Nagi et al. (2013) has developed the face alignment algorithm based on the methods of geometric invariants, local binary pattern (LBP), and k-nearest neighbor (kNN). The face landmarks model (22 key points) is used to detect the human face, and the LBP method is used to crop the 3D face areas. The method of kNN calculates the distance between each input data and the training sample, obtaining the k images closest to the training sample. Finally, proposed statistical methods are used to classify and recognize the images. The results show that the model can reach 91.2% in the recognition rate; however, it declined to 84% as the number of datasets increases.

Soltanpour & Jonathan Wu (2017) uses normal vector to study 3D face recognition. She proposed that more detailed distinct information can be extracted from the 3D facial image by using high-order LNDP method. By estimating the three components of normal vectors in x, y and z channels, three normal component images are extracted. The score-level fusion of three high-order LNDP3x, LNDP3y and LNDP3z are used to improve the recognition performance. Experiments use SIFT-based strategy for matching the face features. The results of this study indicate that fusion LNDP3xyz outperforms descriptors, effectively improving the 3D recognition rate to 98.1%.

The study by Kamencay et al. (2017) offers probably the most comprehensive empirical analysis of 3D face recognition. In an attempt to build practical and robust face recognition systems, he proposed three main types of layers for CNN architectures: the convolution layer, the pooling layer, and the fully connected layer. He also proposed three machine learning methods for face recognition, such as Principal Component Analysis (75.2%), Local Binary Patterns Histograms (78.1%), and kNN (71.5%). The proposed customized CNN for 3D face recognition outperforms the above machine learning methods, which reaches the average accuracy of approximately 96.35%. The highest accuracy is 98.3% when 80% of the data was used for training model.

Recent advances in HOG feature extraction methods have facilitated investigation of face recognition. In Singh & Chhabra’s (2018) article, she suggests that HOG features can be used in the recognition system for improving the efficiency and the processing speed. The function of HOG features can capture the edge features that are invariant to the rotation and light. Owing to the fact that both texture and edge information is important for face representation. HOG features and SVM classifier-based face recognition algorithm is presented in Santosh Dadi & Mohan Pillutla’s (2016) research. His proposed model extracts the HOG features of the face from the image, these features can be given to any classifier. In the testing stage, the test image is obtained and fed to the SVM classifier, which is a non-probabilistic binary classifier and looks for optimal hyperplane as a decision function, for classification. The results show that this method has better classification accuracy for the test data set, about 92%. In addition, compared to the method using standard eigen feature and PCA algorithm as a baseline, SVM also possesses an improved face recognition rate of 3.74%.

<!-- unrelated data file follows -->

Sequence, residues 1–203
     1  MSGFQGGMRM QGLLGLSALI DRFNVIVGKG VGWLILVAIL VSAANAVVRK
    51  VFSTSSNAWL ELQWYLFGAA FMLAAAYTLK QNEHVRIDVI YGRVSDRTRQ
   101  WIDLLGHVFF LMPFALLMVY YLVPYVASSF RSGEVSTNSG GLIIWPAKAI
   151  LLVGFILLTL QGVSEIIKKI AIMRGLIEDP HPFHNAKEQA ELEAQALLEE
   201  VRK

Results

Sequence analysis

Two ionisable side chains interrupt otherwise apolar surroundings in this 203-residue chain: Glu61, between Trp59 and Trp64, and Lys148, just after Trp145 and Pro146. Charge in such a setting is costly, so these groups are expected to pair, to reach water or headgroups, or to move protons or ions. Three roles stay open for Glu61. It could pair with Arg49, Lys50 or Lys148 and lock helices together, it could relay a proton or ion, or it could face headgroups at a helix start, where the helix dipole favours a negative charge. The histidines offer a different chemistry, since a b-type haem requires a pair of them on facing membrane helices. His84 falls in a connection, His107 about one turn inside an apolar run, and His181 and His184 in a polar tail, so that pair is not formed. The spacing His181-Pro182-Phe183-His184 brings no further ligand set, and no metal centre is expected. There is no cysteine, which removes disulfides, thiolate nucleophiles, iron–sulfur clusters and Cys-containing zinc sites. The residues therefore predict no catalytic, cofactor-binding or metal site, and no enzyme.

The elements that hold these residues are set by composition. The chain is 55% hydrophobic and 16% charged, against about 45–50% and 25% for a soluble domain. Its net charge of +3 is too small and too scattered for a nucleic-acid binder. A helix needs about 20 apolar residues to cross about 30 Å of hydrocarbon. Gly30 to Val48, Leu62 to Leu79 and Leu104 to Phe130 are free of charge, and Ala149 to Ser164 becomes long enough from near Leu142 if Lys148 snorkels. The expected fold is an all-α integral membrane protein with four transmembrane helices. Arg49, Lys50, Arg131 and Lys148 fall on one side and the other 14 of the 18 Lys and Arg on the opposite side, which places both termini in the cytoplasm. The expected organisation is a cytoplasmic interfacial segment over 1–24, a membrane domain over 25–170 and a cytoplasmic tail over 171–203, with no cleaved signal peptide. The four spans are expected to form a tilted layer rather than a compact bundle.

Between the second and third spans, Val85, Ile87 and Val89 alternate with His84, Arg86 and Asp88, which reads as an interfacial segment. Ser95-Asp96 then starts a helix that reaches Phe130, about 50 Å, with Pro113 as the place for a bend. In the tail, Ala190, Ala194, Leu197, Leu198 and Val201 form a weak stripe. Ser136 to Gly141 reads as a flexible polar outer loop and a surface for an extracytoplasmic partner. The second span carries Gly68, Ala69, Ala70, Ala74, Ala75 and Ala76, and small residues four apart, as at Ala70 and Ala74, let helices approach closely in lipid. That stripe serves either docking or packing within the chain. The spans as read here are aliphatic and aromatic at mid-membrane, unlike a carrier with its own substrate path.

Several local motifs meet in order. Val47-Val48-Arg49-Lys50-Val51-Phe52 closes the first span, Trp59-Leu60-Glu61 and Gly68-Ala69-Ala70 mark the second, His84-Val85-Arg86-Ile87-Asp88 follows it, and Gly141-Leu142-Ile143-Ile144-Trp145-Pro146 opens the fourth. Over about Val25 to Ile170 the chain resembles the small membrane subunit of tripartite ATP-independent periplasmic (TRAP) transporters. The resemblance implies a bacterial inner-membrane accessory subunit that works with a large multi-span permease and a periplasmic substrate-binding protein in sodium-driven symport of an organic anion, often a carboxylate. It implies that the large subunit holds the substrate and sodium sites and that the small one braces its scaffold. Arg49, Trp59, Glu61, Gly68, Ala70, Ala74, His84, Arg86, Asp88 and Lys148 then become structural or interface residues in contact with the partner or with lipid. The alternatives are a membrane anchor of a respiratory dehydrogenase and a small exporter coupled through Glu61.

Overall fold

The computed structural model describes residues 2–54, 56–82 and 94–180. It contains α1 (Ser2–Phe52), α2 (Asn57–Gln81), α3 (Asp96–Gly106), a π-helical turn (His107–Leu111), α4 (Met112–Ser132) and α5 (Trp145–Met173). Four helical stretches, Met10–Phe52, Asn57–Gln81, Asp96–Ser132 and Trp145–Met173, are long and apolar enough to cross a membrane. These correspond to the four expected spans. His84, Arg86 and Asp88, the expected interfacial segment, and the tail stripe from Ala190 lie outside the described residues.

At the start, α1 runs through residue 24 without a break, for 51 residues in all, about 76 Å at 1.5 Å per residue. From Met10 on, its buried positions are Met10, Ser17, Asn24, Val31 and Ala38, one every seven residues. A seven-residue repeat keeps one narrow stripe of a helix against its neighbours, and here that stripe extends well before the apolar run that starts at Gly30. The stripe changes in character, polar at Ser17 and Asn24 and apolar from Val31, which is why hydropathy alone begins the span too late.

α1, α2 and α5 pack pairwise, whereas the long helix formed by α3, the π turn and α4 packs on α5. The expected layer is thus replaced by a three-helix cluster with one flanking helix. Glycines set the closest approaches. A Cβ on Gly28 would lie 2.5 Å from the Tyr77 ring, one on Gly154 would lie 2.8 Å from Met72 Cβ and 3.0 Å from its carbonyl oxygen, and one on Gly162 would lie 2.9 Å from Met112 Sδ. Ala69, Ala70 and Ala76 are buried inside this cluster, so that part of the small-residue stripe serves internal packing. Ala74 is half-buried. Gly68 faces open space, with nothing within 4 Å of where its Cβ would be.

To investigate the effect of utilizing HOG features in the CNN model, (Ahamed, Alam & Manirul Islam, 2018) developed CNN learning models that using the HOG features as input data to the training model. His model contains of several layers and each layer is repeatedly used, finally a deep neural network is constructed. In order to evaluate the proposed model, a set of images with 160 images are generated for testing the model performance. However, it leads to a low generalization ability since the data set trained by the model is small. The result shows that the accuracy is approximately 89% by using the constructed model.

In the experiment, we used the latest residual deep neural network (ResNet) and the fine-tuning method (He et al., 2015). Our preprocessing method uses HOG features of 3D face texture, different layers of ResNet are created during the experiment and whether decision making in face recognition process can be improved or not is investigated. We evaluated these approaches in the context of the same 3D face-recognition experiment as in (Kamencay et al., 2017), a more challenging task than the face identification task used in (Ahamed, Alam & Manirul Islam, 2018).

Materials & Methods

The diversity of face poses raises difficulties for 3D face recognition. By detecting key points on the face, such as the tip of the nose, the corners of the mouth, and the corners of the eyes, the face image in an arbitrary pose can be converted into a frontal face image by affine transformation, after which the face features can be extracted, and an identification is performed. This approach shows that after alignment the features can be extracted with greater success, and the recognition accuracy is thus greatly improved. A schematic diagram of face detection and face alignment is shown in Fig. 1. There are three steps for preprocessing of 3D face recognition: 1. 3D face detection, 2. 3D face alignment. 3. 3D human face feature extraction. The first two phases are implemented by using the open-source tool provided by the Dlib, which can monitor the key points of the face real time to obtain the position and posture of the face. Then we developed a module for extracting the HOG features based on 3D face texture images. Key points of the face are detected using the conditional local neural fields algorithm (Baltrusaitis, Robinson & Morency, 2013; Simonyan & Zisserman, 2015).

The pre-processing of 3D face textures.

Figure 1: The pre-processing of 3D face textures.

Facial detection and landmarks selection

All 3D images need to be processed before the processing of recognition in order to reduce image noise and redundancy, as shown in Fig. 2. The first step of 3D face recognition is face detection and alignment. We use pre-trained facial landmark detector from the Dlib library, which is used to estimate and predict the location of sixty-eight key points on the human face.